Health Screening Packages

Living Well in Myanmar

When 'health screening' does more harm than good

Last month a 32-year-old woman came to my clinic in Yangon after having purchased a “Health Screening Package” at a local private hospital. The package included blood tests for everything from cholesterol, liver function and kidney function to cancer markers and a uric acid. It covered imaging tests including a chest x-ray, mammogram, abdominal ultrasound and a bone DEXA, as well as a urine exam and electrocardiogram.

If you’re wondering why a 32-year-old needs all of these tests then you’re asking exactly the right question. Patients purchase these packages under the assumption that they are doing something good for their health. It’s natural to think, “I’m just going to get everything checked out to make sure I’m alright.”

Meanwhile hospitals and health companies are happy to sell a profitable pre-packaged medical product. A broad range of tests are conducted over a few hours and the results are bundled into a booklet with recommendations for further evaluation and treatment. So not only is income generated during the initial health screen, but also through the further tests, consultations and treatments that likely follow.

The problem with this approach to screening lies in the concept of the “false positive”. For any given disease, the lower the percentage of people affected in a certain demographic group, the greater the chance that a screening test will incorrectly show someone in that group to have that disease. There is no screening test that is 100 percent accurate, so when we screen people at low risk of a disease we are more likely to see a positive result that is in fact false. In statistics we call this phenomenon ‘specificity’.

By way of example, let’s assume that on average 1 in a 1000 cars have a broken ignition that will cause the car to explode. Perhaps the diagnostic test we use to find that exploding ignition is 90pc “specific”. That means that 10pc of the time, the test results in a false positive; The test concludes that the ignition will explode when, in truth, the broken ignition will only do something not dangerous (like not start the car or make a funny noise). If we know that 999 of the cars don’t have exploding ignitions, then this test has wrongly identified the problem in 100 cars, causing their owners to unnecessarily buy a new car.

The consequences are of course much higher in human health. Readers of “Living well in Myanmar” will remember last month’s discussion on breast cancer screening and the risks of offering mammograms to women under 50 years old. Providing a mammogram to the average women in her 30s – such as through the  screening package purchased by my patient – could be considered medically unethical since any findings identified as cancer are exceedingly likely to be false positives.

Unfortunately, my patient’s mammogram identified a mass in her breast. Because of her young age and because she has no other risk factors for breast cancer, this mass is almost certainly benign and any immediate intervention is unnecessary. However, because she had a “positive” mammogram, the hospital automatically referred her to a breast surgeon who gave her the option of surgical removal under general anesthesia. In this way, inappropriate screening in the name of a “medical check-up” sold by the hospital nearly put my patient in the operating room for unnecessary treatment.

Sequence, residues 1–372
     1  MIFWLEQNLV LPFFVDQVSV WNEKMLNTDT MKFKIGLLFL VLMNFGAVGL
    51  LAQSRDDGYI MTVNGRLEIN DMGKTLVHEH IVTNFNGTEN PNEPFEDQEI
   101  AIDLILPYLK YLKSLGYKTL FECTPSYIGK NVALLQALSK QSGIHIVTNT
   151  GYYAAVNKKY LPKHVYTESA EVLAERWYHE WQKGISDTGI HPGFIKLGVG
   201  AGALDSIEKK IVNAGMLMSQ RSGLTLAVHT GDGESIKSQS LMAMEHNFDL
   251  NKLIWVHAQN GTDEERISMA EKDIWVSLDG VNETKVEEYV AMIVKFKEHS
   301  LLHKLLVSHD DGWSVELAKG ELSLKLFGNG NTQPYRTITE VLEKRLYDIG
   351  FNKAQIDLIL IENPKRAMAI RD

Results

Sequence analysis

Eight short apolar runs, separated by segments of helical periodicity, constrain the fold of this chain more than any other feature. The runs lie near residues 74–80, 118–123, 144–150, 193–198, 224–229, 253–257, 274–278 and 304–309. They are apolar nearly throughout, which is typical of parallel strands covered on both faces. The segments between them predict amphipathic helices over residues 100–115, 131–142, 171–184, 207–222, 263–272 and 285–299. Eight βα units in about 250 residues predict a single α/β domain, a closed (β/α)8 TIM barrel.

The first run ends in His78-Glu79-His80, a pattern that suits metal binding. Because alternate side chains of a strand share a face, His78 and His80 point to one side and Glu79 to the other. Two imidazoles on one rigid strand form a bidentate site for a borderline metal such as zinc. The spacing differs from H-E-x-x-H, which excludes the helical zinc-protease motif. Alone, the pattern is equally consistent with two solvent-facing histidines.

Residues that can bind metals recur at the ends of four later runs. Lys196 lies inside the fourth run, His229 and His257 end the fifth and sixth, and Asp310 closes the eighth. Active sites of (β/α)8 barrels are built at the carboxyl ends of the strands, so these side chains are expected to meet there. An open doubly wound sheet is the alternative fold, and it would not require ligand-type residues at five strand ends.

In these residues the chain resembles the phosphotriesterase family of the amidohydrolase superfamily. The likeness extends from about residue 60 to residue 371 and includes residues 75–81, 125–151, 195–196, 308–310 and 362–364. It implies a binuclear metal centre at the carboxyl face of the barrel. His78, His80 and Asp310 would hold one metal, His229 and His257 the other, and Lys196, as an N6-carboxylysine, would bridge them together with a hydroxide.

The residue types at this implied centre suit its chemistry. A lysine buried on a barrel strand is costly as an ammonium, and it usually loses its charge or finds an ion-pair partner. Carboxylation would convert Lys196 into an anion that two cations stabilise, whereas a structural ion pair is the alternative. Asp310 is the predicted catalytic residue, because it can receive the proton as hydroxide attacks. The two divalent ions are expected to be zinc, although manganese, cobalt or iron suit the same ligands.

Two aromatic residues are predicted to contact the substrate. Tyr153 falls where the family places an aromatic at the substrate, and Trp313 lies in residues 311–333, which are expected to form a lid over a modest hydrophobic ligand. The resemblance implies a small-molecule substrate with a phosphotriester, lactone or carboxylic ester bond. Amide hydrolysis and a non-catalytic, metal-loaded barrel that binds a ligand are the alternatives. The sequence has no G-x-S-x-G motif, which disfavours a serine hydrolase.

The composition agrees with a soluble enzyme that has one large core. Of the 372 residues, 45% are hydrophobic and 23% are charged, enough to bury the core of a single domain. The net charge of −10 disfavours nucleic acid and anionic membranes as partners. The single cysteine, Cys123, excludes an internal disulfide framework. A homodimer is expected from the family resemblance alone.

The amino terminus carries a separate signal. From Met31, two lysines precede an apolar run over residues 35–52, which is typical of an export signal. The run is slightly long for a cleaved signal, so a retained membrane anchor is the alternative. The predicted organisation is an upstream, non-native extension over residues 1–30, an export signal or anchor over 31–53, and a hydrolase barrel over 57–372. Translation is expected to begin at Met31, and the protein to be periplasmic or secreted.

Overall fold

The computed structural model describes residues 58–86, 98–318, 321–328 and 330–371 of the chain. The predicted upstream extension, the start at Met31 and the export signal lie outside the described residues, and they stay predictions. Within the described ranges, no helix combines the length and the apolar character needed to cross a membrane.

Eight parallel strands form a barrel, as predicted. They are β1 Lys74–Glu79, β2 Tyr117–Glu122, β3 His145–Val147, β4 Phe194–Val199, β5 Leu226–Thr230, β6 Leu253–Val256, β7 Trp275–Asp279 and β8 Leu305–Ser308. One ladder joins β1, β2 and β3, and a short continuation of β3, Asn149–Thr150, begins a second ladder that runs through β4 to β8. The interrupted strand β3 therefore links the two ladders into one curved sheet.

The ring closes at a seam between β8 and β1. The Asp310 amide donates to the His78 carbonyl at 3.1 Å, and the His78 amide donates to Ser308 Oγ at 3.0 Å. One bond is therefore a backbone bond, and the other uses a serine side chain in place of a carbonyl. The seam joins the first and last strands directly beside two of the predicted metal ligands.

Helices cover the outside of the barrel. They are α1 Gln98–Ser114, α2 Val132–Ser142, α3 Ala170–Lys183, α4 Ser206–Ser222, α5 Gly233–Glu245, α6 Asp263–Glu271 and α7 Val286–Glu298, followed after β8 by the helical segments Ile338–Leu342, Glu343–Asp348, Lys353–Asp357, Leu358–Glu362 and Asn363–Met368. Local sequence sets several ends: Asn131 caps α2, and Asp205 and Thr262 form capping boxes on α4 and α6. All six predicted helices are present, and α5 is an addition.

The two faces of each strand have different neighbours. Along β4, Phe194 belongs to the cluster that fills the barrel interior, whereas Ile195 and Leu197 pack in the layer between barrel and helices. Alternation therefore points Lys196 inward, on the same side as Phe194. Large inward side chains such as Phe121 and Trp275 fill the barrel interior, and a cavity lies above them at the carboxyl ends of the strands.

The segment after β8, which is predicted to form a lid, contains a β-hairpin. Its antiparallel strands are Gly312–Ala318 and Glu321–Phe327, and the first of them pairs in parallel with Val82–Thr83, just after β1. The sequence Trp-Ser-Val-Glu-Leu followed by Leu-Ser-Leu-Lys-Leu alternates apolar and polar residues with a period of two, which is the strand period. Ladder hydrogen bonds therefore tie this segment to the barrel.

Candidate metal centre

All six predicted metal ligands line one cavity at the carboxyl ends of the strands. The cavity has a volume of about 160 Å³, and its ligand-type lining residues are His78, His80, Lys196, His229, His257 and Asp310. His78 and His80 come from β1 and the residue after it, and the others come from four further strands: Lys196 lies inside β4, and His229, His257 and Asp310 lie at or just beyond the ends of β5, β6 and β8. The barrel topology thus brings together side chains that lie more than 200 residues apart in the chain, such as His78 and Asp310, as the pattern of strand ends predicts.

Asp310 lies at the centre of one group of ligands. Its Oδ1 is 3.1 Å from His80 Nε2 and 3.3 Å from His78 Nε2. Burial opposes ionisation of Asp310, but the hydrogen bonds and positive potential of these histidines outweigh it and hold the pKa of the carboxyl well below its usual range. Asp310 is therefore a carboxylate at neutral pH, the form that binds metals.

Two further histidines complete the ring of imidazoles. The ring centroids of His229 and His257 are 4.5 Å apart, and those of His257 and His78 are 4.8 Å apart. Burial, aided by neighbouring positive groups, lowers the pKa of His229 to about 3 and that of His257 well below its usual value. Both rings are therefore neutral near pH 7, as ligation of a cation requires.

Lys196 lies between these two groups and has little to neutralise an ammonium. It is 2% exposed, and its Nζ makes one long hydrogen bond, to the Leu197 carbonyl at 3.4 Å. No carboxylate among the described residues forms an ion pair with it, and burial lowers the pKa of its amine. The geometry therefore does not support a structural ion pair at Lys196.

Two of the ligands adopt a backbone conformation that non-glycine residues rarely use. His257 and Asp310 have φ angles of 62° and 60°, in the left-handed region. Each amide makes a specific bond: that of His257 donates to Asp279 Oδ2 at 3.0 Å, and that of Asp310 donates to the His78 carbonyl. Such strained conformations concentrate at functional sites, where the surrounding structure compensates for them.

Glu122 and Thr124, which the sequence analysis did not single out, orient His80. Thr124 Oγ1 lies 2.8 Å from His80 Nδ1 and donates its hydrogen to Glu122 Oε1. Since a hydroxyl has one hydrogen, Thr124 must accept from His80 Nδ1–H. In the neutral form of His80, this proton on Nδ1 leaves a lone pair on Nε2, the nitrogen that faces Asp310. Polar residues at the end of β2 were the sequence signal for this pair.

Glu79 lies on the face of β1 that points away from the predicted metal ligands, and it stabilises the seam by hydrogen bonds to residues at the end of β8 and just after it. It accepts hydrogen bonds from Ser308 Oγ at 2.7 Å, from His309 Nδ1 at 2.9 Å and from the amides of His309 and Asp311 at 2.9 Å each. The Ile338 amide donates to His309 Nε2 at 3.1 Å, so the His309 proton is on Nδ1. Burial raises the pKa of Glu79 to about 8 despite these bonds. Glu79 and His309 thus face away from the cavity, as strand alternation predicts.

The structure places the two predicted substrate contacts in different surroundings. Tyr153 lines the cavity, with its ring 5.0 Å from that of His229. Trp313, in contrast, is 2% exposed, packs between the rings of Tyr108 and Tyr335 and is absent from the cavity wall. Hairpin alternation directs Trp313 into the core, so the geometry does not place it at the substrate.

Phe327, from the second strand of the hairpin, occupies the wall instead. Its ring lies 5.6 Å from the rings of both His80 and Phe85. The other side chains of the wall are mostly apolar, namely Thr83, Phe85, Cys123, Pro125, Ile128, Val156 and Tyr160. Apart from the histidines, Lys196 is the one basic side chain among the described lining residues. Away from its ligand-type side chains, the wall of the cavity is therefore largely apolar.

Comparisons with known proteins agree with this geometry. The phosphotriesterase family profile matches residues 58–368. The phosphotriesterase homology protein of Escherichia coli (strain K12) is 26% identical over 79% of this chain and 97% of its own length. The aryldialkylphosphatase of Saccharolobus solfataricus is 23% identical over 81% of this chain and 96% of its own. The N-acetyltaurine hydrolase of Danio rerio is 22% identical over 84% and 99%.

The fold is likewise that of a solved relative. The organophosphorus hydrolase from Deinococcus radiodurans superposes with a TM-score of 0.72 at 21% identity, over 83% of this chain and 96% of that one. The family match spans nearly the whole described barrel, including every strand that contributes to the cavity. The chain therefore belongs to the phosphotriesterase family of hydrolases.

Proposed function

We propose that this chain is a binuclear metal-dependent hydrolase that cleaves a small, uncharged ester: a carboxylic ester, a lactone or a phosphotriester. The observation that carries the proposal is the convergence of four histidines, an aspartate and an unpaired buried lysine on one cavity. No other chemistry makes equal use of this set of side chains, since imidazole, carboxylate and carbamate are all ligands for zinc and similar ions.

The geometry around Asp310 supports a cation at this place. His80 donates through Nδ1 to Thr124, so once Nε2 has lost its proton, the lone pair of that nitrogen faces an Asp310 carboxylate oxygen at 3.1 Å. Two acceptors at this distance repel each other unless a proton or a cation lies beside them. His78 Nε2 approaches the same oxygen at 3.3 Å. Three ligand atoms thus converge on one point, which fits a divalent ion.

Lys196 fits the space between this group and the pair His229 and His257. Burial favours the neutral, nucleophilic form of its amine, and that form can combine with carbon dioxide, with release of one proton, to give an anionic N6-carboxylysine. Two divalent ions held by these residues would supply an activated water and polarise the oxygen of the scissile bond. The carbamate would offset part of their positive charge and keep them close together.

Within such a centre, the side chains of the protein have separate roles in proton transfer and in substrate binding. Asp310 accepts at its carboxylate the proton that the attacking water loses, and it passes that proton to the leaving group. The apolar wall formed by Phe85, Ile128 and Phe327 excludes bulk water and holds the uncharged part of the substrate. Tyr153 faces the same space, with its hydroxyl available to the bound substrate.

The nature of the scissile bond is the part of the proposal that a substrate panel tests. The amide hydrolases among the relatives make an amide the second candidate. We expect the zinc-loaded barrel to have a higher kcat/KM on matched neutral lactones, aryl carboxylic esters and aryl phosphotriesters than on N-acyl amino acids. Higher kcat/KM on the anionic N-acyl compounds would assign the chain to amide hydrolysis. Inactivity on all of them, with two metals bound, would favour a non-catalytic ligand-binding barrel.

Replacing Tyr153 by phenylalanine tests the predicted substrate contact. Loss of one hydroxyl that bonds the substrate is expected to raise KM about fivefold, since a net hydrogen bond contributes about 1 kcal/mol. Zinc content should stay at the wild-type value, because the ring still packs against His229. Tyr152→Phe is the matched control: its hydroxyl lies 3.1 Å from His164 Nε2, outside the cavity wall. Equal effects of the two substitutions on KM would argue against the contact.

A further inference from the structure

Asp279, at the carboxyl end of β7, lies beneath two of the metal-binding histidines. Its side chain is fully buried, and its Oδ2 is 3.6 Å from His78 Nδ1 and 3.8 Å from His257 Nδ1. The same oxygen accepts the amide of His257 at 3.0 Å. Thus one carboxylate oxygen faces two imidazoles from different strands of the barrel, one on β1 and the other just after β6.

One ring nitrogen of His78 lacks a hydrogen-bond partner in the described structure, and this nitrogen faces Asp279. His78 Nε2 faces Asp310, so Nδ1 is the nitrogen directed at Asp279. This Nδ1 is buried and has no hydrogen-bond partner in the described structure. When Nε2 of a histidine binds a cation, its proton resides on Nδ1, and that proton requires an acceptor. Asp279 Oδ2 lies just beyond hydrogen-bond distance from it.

This wasn’t the only harmful outcome of her screening package. Her blood test showed mildly elevated cholesterol, and as a computer-generated automatic reflex, given to her in the form of a paper print-out, came a recommendation to start a cholesterol-lowering medicine.Initiating a new heart medicine in any patient should never be done based on lab work alone but rather on a comprehensive risk assessment. So her health package also caused harm by introducing a long-term medicine that was unnecessary and has negative side effects.

False positives could easily have been generated by the majority of the other tests she received: DEXA is for women at least age 65. Chest x-rays andabdominal ultrasounds are never needed in a patient without symptoms. Testing for uric acid is meaningless unless a person has gout. Cancer markers are useful only for people with some indication that they might have cancer.An EKG is never required for a patient without heart symptoms. A urine test is useful only if a person has  urinary symptoms or is pregnant.

These health screening packages are not unique to Myanmar. They are sold at fancy hospitals across Southeast Asia and to a lesser extent at high-end clinical facilities in the United States and U.K where they are branded as “Executive Health Screens” or “Preventative Medical Screenings”. Many people living in Yangon who fly to Bangkok or Singapore to buy a check-up may actually be putting themselves in harm’s way rather than protecting their health.

From a public health perspective, generating false positives at best causes excessive anxiety for people that are extremely unlikely to be sick, and at its worst can be physically dangerous. Furthermore, as unnecessary investigations are ordered, it compiles the financial burden of health care for both the individual and the society. Its a fact worth considering in Myanmar’s  current debate over how to eventually provide universal health coverage.  © Christoph Gelsdorf 2013